How do you attract staff in an industry that’s plagued with bad press and low pay – but one that badly needs people who care?
With our second studio opening in Shrewsbury, we were looking for our first local client who was doing good in the area. A chance encounter put us in touch with Shropshire Partners in Care (SPiC), a membership organisation for care providers in the county.
SPiC wanted to raise the profile of adult social care. The team’s initial idea was to utilise the Department of Health and Social Care’s national recruitment campaign – Every day is different – to help its members improve their employee recruitment and retention, an ongoing issue they face.
The adult social care sector is expanding rapidly. It’s estimated that the number of jobs will increase by a whopping 36% (580,000 jobs) by 2035 if the sector workforce grows in line with our ageing population.
The sector pays notoriously low. The industry is plagued by bad press. And people perceive it to be “all about wiping bums”. It’s a hard sell.
But job applications are low. And the quality of applications even lower. Many people don’t appreciate what a health and social care career is. They’re often looking for a stop-gap until something ‘better’ comes along. Many will leave before they’ve even completed their training.
It’s hardly surprising. The sector pays notoriously low. The industry is plagued by bad press. And people perceive it to be “all about wiping bums”. It’s a hard sell.
Struggling to tell a positive story
We set out exploring how we could help. Of course, it was clear to see why the sector was struggling. But our research also showed that working in care wasn’t all doom and gloom. Far from it. Care has a lot to offer to the right people. Wonderful relationships with colleagues and patients. Genuine job satisfaction from knowing that each day is an adventure where you get to make a difference – to the lives of patients and their families. And a career for life with ongoing education, training and support. But it struggles to tell that story.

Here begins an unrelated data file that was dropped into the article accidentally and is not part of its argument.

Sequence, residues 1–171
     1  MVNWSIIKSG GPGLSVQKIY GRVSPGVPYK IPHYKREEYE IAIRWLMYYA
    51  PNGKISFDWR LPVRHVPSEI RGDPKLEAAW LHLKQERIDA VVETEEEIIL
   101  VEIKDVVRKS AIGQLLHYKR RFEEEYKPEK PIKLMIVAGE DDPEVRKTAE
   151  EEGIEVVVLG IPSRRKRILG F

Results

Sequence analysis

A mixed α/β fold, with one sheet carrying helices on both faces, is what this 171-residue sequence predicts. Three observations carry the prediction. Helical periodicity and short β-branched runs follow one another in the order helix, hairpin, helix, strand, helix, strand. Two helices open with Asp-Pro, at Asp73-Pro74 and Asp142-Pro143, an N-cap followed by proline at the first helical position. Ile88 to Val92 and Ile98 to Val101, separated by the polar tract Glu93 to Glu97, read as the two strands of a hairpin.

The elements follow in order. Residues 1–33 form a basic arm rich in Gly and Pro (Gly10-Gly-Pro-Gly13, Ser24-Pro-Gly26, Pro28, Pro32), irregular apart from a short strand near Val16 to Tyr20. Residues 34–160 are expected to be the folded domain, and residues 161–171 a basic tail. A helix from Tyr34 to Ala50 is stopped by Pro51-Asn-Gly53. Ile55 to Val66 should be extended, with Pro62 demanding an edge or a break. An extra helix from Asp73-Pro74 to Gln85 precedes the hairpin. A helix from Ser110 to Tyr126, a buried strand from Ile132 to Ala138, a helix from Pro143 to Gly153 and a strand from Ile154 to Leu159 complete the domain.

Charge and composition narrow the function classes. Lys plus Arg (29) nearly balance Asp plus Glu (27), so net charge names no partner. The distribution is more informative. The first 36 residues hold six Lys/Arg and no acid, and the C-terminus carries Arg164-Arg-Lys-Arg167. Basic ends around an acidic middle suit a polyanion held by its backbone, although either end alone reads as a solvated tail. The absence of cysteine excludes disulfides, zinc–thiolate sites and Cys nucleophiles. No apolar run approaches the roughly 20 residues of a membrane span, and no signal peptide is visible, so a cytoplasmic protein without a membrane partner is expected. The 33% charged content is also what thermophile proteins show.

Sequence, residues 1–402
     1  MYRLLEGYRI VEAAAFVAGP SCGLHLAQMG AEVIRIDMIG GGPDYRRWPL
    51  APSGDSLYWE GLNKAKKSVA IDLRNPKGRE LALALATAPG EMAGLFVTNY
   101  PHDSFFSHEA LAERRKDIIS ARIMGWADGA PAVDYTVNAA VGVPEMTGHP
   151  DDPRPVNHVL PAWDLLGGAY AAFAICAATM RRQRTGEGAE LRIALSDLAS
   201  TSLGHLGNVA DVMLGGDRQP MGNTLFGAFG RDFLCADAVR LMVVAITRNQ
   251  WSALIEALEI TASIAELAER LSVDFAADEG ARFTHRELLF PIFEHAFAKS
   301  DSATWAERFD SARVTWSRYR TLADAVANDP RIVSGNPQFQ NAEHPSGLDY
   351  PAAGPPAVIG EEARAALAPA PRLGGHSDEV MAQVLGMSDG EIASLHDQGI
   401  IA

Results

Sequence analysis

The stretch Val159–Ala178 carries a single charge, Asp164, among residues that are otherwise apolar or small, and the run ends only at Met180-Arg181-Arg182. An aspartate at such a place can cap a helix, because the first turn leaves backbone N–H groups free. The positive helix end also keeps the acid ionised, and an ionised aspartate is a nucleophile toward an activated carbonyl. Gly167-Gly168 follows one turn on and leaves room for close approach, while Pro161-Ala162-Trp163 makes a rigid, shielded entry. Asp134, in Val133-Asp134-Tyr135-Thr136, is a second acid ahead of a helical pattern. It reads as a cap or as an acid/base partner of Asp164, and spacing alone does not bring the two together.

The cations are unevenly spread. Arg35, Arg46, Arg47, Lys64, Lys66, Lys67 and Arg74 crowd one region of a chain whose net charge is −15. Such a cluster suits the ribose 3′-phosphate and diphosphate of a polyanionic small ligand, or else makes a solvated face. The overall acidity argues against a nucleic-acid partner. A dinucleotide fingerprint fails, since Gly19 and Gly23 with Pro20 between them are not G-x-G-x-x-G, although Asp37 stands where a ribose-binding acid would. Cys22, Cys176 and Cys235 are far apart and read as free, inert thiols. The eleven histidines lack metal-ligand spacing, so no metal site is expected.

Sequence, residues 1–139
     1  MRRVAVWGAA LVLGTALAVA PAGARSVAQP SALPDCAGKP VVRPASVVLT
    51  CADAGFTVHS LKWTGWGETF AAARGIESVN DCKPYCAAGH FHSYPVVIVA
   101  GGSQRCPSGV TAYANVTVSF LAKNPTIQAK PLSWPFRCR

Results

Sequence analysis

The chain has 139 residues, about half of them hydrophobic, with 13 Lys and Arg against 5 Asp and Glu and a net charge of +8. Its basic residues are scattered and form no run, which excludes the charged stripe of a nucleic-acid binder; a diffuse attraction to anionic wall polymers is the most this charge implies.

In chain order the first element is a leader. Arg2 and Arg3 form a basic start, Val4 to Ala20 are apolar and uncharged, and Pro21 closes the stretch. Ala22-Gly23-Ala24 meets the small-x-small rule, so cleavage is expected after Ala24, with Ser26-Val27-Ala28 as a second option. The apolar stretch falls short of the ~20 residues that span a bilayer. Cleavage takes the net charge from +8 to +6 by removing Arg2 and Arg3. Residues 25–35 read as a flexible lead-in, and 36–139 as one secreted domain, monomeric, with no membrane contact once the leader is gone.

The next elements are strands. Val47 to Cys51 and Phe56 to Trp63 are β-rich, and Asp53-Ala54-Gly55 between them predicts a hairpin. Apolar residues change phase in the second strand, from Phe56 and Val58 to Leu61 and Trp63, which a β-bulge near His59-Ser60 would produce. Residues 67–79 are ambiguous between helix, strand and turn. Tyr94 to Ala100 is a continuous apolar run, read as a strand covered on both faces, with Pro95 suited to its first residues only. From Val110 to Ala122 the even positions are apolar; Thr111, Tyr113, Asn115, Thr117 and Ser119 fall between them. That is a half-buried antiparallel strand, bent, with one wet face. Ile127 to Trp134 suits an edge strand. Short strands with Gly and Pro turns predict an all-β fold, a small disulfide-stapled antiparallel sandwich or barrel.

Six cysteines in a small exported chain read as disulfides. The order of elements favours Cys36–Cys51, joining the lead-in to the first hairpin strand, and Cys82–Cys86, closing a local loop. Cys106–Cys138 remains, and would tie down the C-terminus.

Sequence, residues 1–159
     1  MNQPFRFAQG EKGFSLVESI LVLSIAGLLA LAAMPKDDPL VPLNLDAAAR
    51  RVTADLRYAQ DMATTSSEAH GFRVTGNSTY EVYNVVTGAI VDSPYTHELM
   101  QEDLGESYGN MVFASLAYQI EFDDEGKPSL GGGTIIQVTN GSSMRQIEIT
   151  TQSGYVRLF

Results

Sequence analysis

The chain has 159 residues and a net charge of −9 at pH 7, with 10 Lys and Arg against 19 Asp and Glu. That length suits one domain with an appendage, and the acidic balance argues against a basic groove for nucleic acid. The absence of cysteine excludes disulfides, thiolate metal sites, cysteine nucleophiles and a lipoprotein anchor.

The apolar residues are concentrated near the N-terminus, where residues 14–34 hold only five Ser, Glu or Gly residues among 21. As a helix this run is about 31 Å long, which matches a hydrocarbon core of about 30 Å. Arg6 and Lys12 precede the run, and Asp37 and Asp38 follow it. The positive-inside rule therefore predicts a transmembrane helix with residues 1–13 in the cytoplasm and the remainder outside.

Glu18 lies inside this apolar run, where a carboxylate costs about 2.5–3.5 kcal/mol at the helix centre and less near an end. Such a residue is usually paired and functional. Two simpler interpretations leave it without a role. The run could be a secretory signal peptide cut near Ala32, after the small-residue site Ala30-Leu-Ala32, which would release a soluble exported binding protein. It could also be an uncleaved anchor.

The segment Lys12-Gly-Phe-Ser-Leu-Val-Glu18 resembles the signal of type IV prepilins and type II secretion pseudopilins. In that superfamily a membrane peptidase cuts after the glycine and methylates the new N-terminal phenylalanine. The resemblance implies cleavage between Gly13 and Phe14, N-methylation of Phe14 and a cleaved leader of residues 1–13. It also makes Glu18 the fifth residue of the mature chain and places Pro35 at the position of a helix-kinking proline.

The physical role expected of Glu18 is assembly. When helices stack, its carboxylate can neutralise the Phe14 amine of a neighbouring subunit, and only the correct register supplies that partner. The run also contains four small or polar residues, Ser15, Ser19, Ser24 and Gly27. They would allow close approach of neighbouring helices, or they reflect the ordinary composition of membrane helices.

From the voices in our research, passion and enthusiasm for people shone through the brightest. “To think I wasted all those years in retail when I could have been here. Working in care is so rewarding – there’s nothing quite like it.” We found comments like this in abundance.
With our findings in hand, we designed a full-day training workshop for SPiC members – highlighting our primary focus in a provocative title: ‘Who cares?’. The objective we set them was to answer exactly that question, and begin to define and communicate what a career in care – in their organisation – is really about. That way, they could go on to find and keep people who care enough to be carers.
We started with a pre-workshop questionnaire to get a sense of participants’ needs, challenges and knowledge levels, which varied greatly. And to give them a chance to engage with the idea before the day.
The activities we created encouraged the group to explore what purpose, values, identity and working culture really are and why they’re vital to any organisation. And we began to show them how living these and articulating these well can help to attract and retain the right people – people who share their beliefs and intentions.
We got them thinking about the stories that focus on what really matters to people.
What really matters
We went on to define the ideal candidate; building a picture of who they wanted to recruit and how to use that insight to target them. We got them thinking about the stories that focus on what really matters to people, and looked at what makes a good care story. Then, using a simple framework, we showed them how to gather stories of their own and tell them in a way that would appeal to potential carers in their area.
“To ensure participants got the best out of the workshop, Neo tailored the content to help people really focus on the challenges they face around recruiting,” said Sophie Richards, project support officer at SPiC. “And they provided useful tools and techniques which attendees could implement within their own organisations.”
We learnt a lot that day about what it takes to be a good carer. Remembering 12 different tea orders a day. Handing out daily hugs to anyone who needs one. Listening with keen interest and enthusiasm even if you’ve heard the same story a hundred times. And the thing that links them all; the reason why they remember, hug and listen? Because they really do care.
Removing the internal barriers
Much as we love training – especially when we get the sort of feedback we did from this workshop – we love seeing results even more. But knowing there are often internal barriers to putting learning into practice, we provided one-to-one mentoring sessions for the participants.
With this individual focus, we were able to delve into deeper issues that affect working culture in care organisations. Often the way people are at work can undermine the values that are meant to unite them around the organisation’s higher purpose. These issues, perhaps manifesting in communication barriers and unproductive behaviours, are often fuelled by hierarchy and difficult group dynamics. So, we talked about the need for leaders to get below the surface and address the ‘elephants in the room’.
We left our participants with one final thought. If they could harness the potential of their teams to take shared responsibility for better ways of being and working, then this would surely help them achieve what they set out to do. To grow those teams with people who care as much as they do.